The City of Westlake Village is now accepting nominations for the Annual Citizen and Youth Recognition Programs. Individuals nominated must be a Westlake Village resident and recognized for outstanding contributions toward the betterment of the community in a number of areas such as: academics, music, art, sports, valor and community services.
Westlake Revelations readers have a number of questions about last night's tank article. Put simply, here's what it all distills down to:
- the primary justification given for the tank is fire preparedness. you may hear other items, but fire is the core reason.
- if needed, the reservoir can provide 2000 times more water than the fire preparedness standard
- the cost of the tank is $9 million or $455 average per ratepayer (e.g., household). Will be more if costs continue to increase.
- building the tank would avoid the 1 in 350 chance in the next 30 years of needing to boil water during a catastrophe.
- LVMWD has far more water than necessary to meet the fire standard, and LA County Fire Department has never requested the tank be built.
The public should bear in mind that these circumstances have never occurred, and we're finding it difficult if not impossible to envision a situation that they can even occur.
The tank is not approved until the final vote. Those interested in the outcome should express their opposition or support of the tank project to elected officials or LVMWD's general manager. When you get a response, which you likely will -- you will likely hear that the money for the tank is already in hand (which it is), but you should know that if the tank is not built, those funds can be used elsewhere ... such as reducing future rate increases. In other words, one way or another, it affects your future rates (directly or indirectly). Many residents are also hearing back from LVMWD with other answers which are omitting facts, or have statements irrelevant to the situation at hand.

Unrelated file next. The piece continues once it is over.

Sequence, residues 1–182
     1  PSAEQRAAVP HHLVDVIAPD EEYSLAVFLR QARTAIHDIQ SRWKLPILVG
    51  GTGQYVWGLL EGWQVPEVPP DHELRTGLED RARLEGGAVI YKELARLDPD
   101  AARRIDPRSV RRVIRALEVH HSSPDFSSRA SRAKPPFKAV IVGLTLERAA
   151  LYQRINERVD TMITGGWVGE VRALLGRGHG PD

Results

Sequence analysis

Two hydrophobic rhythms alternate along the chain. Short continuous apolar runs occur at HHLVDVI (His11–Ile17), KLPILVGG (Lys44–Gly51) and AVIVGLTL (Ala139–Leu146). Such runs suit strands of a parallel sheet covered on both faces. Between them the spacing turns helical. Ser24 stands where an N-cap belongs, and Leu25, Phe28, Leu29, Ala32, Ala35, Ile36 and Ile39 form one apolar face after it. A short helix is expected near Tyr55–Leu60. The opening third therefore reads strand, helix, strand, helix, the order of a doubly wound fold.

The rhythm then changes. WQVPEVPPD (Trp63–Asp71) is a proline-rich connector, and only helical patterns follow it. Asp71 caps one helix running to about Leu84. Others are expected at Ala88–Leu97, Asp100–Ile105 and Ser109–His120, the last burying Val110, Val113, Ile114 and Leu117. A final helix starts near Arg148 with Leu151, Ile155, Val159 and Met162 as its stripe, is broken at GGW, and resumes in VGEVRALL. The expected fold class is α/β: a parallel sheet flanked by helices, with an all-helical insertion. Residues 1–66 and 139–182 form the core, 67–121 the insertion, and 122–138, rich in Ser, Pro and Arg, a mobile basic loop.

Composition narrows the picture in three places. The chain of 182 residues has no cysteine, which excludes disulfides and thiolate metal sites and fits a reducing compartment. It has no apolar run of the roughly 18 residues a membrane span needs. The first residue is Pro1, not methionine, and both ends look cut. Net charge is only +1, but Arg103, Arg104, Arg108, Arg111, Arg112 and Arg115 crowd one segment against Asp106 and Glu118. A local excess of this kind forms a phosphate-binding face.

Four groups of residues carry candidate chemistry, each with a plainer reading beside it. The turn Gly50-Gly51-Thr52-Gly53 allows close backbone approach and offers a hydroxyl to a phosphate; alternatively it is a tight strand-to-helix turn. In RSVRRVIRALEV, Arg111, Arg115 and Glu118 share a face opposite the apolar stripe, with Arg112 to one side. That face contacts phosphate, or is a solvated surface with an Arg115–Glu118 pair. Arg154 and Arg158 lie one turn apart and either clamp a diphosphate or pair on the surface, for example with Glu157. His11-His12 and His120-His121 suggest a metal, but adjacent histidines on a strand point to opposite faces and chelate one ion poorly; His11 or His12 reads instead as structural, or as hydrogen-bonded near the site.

That said: As a major impact item for the ratepayers, citizens should make their views (pro or con) known to LVMWD General Manager David Pedersen DPedersen@lvmwd.com or call LVMWD at 818-251-2100. It's the responsibility of voters, ratepayers, etc.. to speak up PRIOR to a vote. Now is the critical moment to make your feelings known about your cost of water service.
The next water district board meeting is Tuesday, Nov 26, at 5pm at LVMWD Headquarters. 4232 Las Virgenes Road, Calabasas, CA 91302.
Note: Most of this article is hard fact. In a few cases, where facts were not readily available, there are researched assumptions as indicated.
In 1-2 months, Las Virgenes Municipal Water District's Board of Directors is expected to have the *final* vote to approve the water tank: now a $9 million project (up from $6 million). If approved, and assuming the project costs don't continue to increase, each LVMWD customer (e.g., household) -- in Calabasas, Hidden Hills, Agoura Hills, and Westlake Village -- is paying an average of $455 for the tank project. The chances of needing the tank pencil out to less than 1% chance (see below).
From the beginning, Las Virgenes Municipal Water District's core reason for the water tank has been fire safety. Specifically, a triple situation happening simultaneously: hot day peak usage, major disruption of water supply, and a massive commercial/residential fire (not brush). But, the District has never answered the question of the likelihood of needing the tank. To the contrary, LVMWD's Board President Charlie Caspary disbanded the probability analysis committee.